We already talked about the first verses of Malachi chapter 3 before, and I really don’t have that much more to say about it. Just to summarize: The Messiah was coming (and as we know from the N.T. perspective, there are two comings, and we await his second one) and would come as the ultimate cleansing agent. The first time he came to cleanse his people from their sin, and the second time he’ll come to cleanse the earth of sinners and quarantine them forever in a place called Hell. To put it bluntly, you’re going to be involved in one cleansing or the other. The prophet asks “[Who] can endure the day of his coming? Who can stand when he appears?” This is a rhetorical question. The answer is “No one.”
But then we come to today’s verse, and I submit that pound for pound, this is one of the most poignant and meaningful verses in the entire Bible. In this one verse (fifteen words in the NIV translation, ten words in the Hebrew), there is so much packed meaning. Let’s unpack it.
In the first words here, the Lord (speaking thru his prophet) tells us that he does not change. This is so important. I really don’t think I can overemphasize this. The theological term is immutability, and it’s a good word to know.
As always, we need to be careful in our thinking about him. This means he’s not affected in his nature by anything outside himself. However, he responds to what’s outside himself. For example, his behavior towards us is determined by our behavior towards him. When we sin, he responds. When we confess and repent and believe, he responds to that as well. He’s not unaffected by what goes on in his creation. Contrary to deism in all its permutations, he takes an active role in the created universe. He didn’t create it and walk away. He’s more than the “Unmoved Mover” that some philosophers picture him as.
But in his nature, in what he is in and of himself, he doesn’t change. What he was in himself in the moment before he first said “Let there be. . .” he still is and forever will be. In order to understand this, let’s contrast this with ourselves. A great illustration of this which I’ve heard is a wave of the sea. A wave looks basically the same as it rolls forward. But as it does so, it’s constantly changing in ways visible and invisible. It gets bigger or smaller, which is visible to the naked eye. But it’s also changing on the inside as well: The water of which it's made up has changed. We’re like that. To the naked eye, I’m pretty much the same person I was a year ago. But inside, I've really changed in ways you can’t even see. And of course I’m always susceptible to changes which are immediately visible. If I was in a serious car accident, for example, there would be immediately visible changes.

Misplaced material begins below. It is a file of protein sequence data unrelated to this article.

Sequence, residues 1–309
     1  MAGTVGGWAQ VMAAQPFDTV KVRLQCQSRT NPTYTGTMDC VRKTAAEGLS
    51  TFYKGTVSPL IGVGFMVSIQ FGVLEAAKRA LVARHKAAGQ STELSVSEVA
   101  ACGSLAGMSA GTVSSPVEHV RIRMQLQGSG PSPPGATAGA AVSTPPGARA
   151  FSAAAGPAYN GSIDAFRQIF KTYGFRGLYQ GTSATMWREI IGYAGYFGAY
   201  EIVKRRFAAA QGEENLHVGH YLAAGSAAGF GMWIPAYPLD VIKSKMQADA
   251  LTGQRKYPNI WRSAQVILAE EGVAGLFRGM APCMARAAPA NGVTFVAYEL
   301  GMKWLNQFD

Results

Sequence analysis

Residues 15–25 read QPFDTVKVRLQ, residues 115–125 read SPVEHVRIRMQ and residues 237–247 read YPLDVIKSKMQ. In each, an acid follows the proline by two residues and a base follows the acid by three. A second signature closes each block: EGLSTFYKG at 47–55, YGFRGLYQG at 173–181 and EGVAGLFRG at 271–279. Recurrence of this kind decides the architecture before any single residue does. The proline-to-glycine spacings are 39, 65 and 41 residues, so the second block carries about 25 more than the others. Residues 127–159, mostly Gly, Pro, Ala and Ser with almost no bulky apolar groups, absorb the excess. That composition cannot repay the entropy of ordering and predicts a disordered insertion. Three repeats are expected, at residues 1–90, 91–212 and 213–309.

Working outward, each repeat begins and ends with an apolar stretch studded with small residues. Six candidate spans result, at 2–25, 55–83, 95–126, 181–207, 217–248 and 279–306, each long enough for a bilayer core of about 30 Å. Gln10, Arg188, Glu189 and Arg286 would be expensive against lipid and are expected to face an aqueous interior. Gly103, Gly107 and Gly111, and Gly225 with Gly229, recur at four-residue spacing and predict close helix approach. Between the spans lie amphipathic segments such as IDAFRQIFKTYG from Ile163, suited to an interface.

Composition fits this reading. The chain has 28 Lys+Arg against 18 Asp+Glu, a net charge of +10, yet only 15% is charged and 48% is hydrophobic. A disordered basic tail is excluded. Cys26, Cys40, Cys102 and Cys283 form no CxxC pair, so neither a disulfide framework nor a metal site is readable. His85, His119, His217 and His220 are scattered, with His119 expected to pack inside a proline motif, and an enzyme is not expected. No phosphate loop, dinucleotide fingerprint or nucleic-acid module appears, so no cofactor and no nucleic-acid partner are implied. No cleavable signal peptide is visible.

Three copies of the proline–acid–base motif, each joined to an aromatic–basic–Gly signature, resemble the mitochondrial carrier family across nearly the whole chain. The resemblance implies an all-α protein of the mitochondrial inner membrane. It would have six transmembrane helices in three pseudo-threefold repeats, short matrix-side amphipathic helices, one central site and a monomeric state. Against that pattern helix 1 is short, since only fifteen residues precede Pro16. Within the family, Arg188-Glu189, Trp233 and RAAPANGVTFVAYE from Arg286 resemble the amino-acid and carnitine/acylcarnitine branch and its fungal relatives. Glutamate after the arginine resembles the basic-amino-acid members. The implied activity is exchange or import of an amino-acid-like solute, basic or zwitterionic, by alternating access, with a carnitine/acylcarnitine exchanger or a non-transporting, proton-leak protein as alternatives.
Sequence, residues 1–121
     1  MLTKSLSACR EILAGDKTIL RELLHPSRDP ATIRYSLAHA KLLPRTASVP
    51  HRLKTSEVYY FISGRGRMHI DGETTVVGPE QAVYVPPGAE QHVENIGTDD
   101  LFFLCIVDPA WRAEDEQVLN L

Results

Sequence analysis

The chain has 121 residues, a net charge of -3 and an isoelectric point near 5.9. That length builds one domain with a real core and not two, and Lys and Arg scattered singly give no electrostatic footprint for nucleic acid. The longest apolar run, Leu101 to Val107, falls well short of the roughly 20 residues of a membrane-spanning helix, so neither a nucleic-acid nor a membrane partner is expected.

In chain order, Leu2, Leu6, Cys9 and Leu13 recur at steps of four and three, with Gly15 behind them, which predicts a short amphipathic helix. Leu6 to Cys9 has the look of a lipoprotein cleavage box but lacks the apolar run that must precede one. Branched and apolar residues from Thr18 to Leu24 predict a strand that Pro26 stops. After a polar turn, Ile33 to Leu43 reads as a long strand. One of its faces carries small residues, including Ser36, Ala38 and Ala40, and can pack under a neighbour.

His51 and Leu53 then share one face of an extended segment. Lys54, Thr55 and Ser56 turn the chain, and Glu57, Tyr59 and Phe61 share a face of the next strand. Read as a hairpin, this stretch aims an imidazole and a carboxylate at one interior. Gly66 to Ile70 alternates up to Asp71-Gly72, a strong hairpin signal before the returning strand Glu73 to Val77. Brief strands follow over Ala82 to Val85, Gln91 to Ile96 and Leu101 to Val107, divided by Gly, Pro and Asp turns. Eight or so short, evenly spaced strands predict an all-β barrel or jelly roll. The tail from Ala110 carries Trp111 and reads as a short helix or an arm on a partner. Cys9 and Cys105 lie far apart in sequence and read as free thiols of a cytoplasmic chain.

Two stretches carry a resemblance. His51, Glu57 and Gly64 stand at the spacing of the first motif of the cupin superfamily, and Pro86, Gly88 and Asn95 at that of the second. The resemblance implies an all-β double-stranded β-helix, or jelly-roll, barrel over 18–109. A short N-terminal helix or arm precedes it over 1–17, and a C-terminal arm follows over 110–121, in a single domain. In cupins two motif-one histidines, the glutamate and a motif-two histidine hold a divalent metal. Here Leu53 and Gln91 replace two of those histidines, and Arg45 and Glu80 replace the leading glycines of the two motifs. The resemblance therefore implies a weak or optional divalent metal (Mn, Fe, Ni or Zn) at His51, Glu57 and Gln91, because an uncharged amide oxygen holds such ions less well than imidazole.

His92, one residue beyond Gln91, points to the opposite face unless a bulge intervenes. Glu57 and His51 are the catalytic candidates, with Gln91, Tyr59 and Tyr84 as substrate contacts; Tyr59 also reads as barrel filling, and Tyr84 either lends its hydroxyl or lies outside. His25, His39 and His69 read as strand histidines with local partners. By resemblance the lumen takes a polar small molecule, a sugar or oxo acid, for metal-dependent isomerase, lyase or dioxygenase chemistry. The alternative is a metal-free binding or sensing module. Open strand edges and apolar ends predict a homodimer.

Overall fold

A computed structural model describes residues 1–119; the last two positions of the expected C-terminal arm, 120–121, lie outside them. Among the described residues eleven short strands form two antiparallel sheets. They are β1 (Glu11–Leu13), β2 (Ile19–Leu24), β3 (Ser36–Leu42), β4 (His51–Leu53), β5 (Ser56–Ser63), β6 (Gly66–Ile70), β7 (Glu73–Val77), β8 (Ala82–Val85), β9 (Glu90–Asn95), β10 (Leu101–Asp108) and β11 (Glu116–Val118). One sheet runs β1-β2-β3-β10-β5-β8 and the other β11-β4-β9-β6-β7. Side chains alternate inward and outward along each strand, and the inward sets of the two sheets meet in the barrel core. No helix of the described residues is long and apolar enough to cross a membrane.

But in his nature, in who and what he is, he doesn’t change. He's completely true to his word. He’s the three “O’s”: omnipotent, omniscient, omnipresent. He hated sin before creation, and he hates it just as much now, and he always will.
And here’s where it gets practical. Remember, I’m a practical theologian, because the Bible isn’t there to satisfy our idle curiosity about God or anything else. If it tells us a fact about the Lord or anything else, there’s a practical reason.
The Lord tells us here that he doesn’t change, and therefore “you, the descendants of Jacob, are not destroyed.” Again, there’s a lot of meaning in just these few words. He doesn’t change, therefore he’s still patient with--and forgives--sinners. Please notice how he addresses them. There’s a reason he calls them “descendants of Jacob” (please see here for more on the significance of his name). Jacob, the child of promise, was far from a picture of godliness most—if not all—of his life. He was the consummate con-man, meaning he was an expert in cheating people and lying to them. He was a coward, liar, thief, and mostly self-absorbed most of his life. But God still was patient with him and still forgave him his sins (which were multiple and egregious).
This is why this immutability stuff is so important. Let’s do a thought experiment. Let’s say the Lord could change. Let’s say that one morning he announced “You know, I think this ‘salvation by grace through faith in my Son’ paradigm isn’t working out. Starting today, we’re going onto a ‘salvation by works’ model. Let’s try the ‘Give them immediately what they deserve’ model for a while." How would that work out for you? To borrow the words of the prophet, if that happened, “Who could stand?”
But he doesn’t change. The blood of Jesus cleanses us from sin. He forgives the instant we confess and repent. We are his children the moment we believe in Jesus, and as such are co-heirs with Christ. Our Savior has gone away to prepare a home for us, and he’s returning to take us to be with him so that we also may be where he is. And because he doesn’t change, we can count on that and every one of his promises (as well as the threats).
So do you see why this is so important?
Father God, I certainly act sometimes like a spiritual descendant of Jacob: sinful, deceitful, ungodly, totally undeserving of anything but judgment but receiving grace upon grace upon grace. I thank you that you don’t change, and you never will.
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